Why building homes – but not enough – makes Housing Affordability worse

It was the greatest act of political cowardice in Planning post war.

To what am I referring.  John Prescott’s response to the Crow/Whittaker report on the South East Plan in 1999.

The background.

SERPLAN had issued a draft South East Strategy to build no more than 660,000 homes to 2016, against household growth of over 900,000.  They only proposed one growth area.  milton Keynes, and deferred that to further study.  Figures were based on aggregated ‘capacity’ rather than need.  A capacity set by highly restrictive policies.  The term ‘sustainable development’ was tortuously redefined to mean a shortage of development.

Naturally The Late Professor Crow and Rosamund Whittaker would have nothing to do with it. They increased the requirement to 1.1 million (household growth plus allowances for non completion etc.  all rather standard and required these days), with a realistic target of 50% of this coming from Brownfield sites  The response was outrage from the shires.

The Council for the Protection of Rural England called it “a nightmare future of sprawling development, traffic congestion and urban decay”

John Gummer then in opposition concluded

 “the truth is that the electoral arithmetic is absolute. The seats in the South East that the Conservatives need to win are seats where people are implacably opposed to development. They are, of course, also the seats that Labour needs to defend. So neither party is going to look with any favour on the idea of more than a million new homes where voters don’t want them.”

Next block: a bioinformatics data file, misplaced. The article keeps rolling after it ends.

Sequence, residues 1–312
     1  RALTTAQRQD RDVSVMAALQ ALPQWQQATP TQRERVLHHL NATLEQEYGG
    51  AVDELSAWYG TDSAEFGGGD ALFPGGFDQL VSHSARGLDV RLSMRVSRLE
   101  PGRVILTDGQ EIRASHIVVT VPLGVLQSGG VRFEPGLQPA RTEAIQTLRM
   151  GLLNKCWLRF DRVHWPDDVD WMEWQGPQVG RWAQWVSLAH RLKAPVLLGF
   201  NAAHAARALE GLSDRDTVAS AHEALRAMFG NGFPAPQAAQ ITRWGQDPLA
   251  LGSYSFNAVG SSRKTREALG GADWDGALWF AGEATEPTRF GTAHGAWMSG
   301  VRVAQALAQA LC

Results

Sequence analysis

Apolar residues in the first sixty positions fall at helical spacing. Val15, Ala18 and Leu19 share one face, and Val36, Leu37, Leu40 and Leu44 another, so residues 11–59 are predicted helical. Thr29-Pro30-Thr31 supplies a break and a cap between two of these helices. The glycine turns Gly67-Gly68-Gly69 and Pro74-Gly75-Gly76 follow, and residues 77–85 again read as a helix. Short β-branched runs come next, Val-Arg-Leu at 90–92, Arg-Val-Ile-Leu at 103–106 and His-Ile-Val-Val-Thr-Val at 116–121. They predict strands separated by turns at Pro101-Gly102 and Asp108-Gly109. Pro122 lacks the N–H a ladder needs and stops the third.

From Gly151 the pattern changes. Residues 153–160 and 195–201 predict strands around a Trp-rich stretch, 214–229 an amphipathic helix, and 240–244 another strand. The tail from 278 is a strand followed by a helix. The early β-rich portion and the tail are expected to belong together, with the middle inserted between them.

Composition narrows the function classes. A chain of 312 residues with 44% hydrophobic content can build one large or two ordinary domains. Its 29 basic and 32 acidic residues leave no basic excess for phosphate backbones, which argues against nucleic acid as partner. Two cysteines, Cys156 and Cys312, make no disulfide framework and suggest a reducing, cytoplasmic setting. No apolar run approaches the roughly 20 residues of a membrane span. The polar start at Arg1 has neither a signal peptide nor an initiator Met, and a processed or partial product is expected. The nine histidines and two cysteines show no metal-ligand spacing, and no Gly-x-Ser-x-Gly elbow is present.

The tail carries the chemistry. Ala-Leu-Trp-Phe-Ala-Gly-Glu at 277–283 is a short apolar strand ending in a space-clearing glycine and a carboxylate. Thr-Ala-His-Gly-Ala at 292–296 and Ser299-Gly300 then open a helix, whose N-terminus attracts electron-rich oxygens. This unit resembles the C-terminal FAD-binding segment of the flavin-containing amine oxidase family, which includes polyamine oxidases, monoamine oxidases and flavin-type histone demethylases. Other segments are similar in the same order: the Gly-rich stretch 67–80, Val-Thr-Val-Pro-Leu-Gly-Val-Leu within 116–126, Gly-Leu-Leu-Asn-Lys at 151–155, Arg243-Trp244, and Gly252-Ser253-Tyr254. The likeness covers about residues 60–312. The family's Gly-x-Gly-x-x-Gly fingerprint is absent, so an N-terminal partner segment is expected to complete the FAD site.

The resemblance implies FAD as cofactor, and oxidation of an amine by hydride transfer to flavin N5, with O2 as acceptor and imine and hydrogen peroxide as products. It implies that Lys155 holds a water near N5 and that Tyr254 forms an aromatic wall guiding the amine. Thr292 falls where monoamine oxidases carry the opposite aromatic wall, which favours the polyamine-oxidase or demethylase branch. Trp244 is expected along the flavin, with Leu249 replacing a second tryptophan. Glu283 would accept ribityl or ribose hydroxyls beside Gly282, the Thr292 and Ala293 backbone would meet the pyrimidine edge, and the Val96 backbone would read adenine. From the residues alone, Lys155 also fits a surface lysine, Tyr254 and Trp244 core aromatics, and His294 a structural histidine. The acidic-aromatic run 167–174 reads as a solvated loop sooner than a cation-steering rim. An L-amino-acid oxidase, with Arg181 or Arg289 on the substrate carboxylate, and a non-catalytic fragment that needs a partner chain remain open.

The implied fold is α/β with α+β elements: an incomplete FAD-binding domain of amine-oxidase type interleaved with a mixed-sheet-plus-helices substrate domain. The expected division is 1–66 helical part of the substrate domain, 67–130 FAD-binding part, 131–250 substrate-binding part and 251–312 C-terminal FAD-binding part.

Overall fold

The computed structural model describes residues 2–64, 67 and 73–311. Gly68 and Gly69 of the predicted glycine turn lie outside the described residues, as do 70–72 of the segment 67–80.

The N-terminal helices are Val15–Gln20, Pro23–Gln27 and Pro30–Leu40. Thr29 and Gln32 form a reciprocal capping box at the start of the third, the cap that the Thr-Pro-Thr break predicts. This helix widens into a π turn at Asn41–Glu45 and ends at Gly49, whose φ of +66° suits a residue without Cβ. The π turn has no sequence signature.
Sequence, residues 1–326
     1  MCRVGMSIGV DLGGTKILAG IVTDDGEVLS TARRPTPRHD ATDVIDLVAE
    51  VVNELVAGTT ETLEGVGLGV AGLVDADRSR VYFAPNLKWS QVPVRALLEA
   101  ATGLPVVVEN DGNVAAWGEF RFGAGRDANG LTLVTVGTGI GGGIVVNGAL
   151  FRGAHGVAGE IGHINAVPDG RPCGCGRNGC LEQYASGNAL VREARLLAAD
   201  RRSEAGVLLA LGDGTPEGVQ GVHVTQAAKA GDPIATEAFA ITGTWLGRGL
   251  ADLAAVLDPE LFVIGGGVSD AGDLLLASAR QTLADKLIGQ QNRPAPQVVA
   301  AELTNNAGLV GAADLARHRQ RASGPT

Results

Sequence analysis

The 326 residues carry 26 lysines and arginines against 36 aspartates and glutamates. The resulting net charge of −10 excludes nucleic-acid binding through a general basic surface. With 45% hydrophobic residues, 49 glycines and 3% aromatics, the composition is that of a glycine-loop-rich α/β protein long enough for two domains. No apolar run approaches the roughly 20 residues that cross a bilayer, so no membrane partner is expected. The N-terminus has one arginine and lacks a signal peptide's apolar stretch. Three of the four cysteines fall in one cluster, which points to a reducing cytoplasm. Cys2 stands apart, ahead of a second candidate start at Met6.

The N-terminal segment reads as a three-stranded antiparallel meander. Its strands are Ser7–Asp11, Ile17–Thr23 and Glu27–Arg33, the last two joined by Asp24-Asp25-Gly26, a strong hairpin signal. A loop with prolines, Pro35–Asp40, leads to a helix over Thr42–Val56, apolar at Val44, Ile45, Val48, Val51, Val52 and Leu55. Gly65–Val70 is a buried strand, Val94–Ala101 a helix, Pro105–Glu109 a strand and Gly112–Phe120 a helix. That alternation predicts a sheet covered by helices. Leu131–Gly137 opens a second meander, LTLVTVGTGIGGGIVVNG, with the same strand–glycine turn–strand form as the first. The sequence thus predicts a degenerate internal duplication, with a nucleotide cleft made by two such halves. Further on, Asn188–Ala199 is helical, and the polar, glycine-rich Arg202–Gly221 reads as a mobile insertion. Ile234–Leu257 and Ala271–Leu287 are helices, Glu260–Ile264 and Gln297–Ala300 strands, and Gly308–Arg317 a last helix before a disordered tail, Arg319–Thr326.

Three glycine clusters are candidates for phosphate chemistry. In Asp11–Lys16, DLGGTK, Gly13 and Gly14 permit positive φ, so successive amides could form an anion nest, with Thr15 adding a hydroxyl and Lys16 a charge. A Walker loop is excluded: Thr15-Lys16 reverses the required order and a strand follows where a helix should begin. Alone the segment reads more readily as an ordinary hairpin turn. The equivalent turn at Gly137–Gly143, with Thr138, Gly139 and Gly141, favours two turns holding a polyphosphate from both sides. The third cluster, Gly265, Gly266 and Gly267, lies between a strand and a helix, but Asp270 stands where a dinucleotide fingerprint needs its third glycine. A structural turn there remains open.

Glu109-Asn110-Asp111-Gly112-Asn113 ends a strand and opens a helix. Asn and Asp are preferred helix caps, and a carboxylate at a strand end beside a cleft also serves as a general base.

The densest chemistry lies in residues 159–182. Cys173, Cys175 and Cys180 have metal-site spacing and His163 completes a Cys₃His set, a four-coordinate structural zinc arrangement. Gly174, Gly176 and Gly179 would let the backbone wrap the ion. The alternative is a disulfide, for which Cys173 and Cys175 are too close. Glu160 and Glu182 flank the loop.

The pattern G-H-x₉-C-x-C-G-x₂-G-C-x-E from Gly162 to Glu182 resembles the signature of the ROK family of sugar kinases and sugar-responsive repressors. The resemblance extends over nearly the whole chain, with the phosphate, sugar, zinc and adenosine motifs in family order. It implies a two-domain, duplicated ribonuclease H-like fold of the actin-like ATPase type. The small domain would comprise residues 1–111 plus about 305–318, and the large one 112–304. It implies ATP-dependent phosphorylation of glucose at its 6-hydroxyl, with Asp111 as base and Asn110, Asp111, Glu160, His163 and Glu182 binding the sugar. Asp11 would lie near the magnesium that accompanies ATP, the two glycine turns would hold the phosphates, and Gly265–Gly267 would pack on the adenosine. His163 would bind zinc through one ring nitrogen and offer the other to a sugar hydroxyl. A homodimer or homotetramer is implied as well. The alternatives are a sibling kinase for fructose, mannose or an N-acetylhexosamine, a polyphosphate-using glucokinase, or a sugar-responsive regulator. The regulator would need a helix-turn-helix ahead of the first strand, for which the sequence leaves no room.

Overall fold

Prescotts ‘compromise’ response was to build 860,000 homes.  Of course we have built half that in the South East outside London.

It simply made matters worse.  Unlike the US where there is a strong correlation between improvements to housing affordability and rate of housebuilding in the UK there is a negative correlation.

Those areas like London and Cambridge that have seen the greatest increase in population, and highest levels of housebuilding, have seen the greatest increase in unaffordability.

What is going on?  This seems perverse.  Think about it.  If you are building houses but at less that the rate required by OAN all you are doing is increasing you population baseline for housing need.  You are adding over time more people in need of homes as children age and adults divorce and retire.  Compromises, very British compromises of the Gummer and Prescott variety simply make matters worse.  If you are going to build build to at least need but never less.

I suspect the debate will flare up again with the NICs forthcoming Oxford-MK-Cambridge Arc competition.  My estimate of how much housing this area (South midlands + London Stansted corridor) will need over 35 years – just under 1.5 million new homes.  I suspect though this time the political arithmetric will be different.  In the motorway corridor seats the conservatives lost seats.   They plus London now firmly outweigh the reclacetrant shires.


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